The practice is an uphill battle, which is not a marketable truth. Many people don’t really understand how much is required on ALL levels in order to achieve the flexible back (if that is what is truly desired).

Would you say that you were always a ‘bit’ flexible? 

There will always be arguments around the genetics of flexibility. Was I already predisposed to being flexible? Hard to say for sure and no one can answer that. Had I chosen a totally different career , I would have never developed my back bends.

Early on I was taught to apply a theory to the practice. When people see extreme flexibility, they believe it is natural. What is not visible is the struggle – the years of practice and not getting it right. In India I practiced hard and my teacher witnessed it. From the outside it might look like something magical happening. But there are no tricks. There is just your practice.

I do see a lot of very stiff people, and I’m sure they would benefit from your teachings, but would they ever get as flexible as you?

If the physical goal is flexibility alone, then this is not going to happen to these extremes. Yoga works when the theory of the practice is applied. For the postures to emerge, there must be a shift internally and mentally. It is mental determination over the body and purity of heart. The practice does not give results easily. Frustration can be channelled into fuel for practice. It is easy to get down on yourself, but don’t forget that the journey of moving through this practice is far more beautiful than reaching the top of the mountain.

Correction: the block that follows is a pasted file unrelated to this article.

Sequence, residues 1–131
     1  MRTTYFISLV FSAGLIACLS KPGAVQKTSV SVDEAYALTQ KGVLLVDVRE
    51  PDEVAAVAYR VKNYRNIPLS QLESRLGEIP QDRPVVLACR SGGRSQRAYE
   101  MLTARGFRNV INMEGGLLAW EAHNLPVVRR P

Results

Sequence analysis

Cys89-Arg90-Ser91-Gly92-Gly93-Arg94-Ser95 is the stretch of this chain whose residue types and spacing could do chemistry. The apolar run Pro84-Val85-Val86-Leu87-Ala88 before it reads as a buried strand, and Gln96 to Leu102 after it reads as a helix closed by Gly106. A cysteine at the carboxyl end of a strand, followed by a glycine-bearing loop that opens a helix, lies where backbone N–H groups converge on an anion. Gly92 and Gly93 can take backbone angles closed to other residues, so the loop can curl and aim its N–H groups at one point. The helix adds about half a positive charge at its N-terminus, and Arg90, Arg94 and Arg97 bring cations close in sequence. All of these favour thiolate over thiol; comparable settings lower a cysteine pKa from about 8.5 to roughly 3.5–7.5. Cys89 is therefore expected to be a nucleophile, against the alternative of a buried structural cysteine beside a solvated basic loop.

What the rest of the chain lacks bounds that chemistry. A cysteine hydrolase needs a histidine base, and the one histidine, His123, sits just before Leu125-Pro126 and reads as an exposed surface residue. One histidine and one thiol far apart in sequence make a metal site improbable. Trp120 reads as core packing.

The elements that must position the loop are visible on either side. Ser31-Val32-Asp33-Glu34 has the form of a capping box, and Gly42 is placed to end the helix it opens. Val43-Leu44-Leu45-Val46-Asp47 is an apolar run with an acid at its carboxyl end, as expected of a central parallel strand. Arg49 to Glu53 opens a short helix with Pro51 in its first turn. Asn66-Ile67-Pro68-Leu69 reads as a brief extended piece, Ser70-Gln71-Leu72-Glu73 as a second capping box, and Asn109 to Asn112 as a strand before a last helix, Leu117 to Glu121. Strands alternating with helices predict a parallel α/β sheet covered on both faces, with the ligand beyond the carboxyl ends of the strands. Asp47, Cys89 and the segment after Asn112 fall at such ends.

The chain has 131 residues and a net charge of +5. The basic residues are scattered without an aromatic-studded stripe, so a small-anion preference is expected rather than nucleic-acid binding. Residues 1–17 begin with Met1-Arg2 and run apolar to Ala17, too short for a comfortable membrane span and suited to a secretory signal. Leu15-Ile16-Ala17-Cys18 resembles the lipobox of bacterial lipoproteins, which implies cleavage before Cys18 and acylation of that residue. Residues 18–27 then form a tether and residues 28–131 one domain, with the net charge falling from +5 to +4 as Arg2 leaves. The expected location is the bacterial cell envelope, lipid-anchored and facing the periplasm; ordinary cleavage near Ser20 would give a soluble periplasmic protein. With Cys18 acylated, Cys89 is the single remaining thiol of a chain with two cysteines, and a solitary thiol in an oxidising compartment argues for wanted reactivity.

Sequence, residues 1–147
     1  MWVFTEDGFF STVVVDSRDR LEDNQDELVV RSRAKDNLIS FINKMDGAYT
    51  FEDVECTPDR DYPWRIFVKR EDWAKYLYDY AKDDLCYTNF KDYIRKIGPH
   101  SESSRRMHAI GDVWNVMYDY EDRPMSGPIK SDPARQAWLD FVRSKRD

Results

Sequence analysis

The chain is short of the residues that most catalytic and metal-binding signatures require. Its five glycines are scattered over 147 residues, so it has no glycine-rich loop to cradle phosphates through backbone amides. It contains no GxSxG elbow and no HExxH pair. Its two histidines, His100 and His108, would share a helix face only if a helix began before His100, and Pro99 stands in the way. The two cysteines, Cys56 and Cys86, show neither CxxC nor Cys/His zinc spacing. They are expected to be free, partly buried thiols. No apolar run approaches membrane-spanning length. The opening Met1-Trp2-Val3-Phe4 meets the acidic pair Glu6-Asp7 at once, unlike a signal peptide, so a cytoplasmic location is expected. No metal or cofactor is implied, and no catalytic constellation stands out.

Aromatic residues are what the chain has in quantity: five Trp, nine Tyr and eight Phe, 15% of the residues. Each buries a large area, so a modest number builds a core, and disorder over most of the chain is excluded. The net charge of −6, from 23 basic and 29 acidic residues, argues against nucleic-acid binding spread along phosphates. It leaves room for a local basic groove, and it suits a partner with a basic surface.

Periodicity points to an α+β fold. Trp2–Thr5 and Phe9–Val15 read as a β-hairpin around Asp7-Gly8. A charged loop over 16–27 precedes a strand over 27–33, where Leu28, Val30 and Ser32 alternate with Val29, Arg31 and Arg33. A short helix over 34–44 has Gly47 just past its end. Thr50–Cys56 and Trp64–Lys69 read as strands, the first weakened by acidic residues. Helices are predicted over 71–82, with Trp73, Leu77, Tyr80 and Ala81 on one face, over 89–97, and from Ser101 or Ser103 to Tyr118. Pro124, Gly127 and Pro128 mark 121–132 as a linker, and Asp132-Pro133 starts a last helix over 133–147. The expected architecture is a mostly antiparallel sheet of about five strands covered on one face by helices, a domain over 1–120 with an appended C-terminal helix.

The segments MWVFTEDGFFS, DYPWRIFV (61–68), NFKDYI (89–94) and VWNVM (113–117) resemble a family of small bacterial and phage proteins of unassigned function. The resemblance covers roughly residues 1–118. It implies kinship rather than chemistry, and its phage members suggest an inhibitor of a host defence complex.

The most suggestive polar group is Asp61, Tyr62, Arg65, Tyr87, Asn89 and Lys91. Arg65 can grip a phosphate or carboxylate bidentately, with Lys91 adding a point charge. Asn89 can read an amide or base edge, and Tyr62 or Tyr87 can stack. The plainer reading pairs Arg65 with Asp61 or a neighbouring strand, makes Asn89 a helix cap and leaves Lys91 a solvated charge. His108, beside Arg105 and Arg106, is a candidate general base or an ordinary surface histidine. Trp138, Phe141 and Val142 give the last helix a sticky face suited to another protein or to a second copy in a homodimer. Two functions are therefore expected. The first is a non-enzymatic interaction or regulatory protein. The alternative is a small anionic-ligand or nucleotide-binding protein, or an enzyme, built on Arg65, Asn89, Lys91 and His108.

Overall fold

I often ask the question, what would change if your feet came to your head?  Would you be happier? Calmer? More generous? Less angry? The fruit of the practice comes from abandoning reservations and practicing consistently.

What’s the biggest lesson you learned?

The greatest lesson of yoga is learning to accept your body and its limitations. What I have learned is to work with myself and my various assets, as well as shortcomings, and bring it all together. When you start doing this you don’t look at a short torso and longer legs, and sigh. You figure out how it all works because it is the only thing you have. I have learned to appreciate all pains and set-backs as well as limitations (doing this all the time is the next lesson).

Think of the martial artist Bruce Lee: He said he had a leg that was one inch shorter than the other! He used this to develop a better kick over his opponents. This is great inspiration.

© The Yoga Way, Toronto, Canada 2012.


Read more:

The Eight-Fold Path: Who Cares?

What’s in a Teacher?


Editor Tanya L. Markul

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About Heather Morton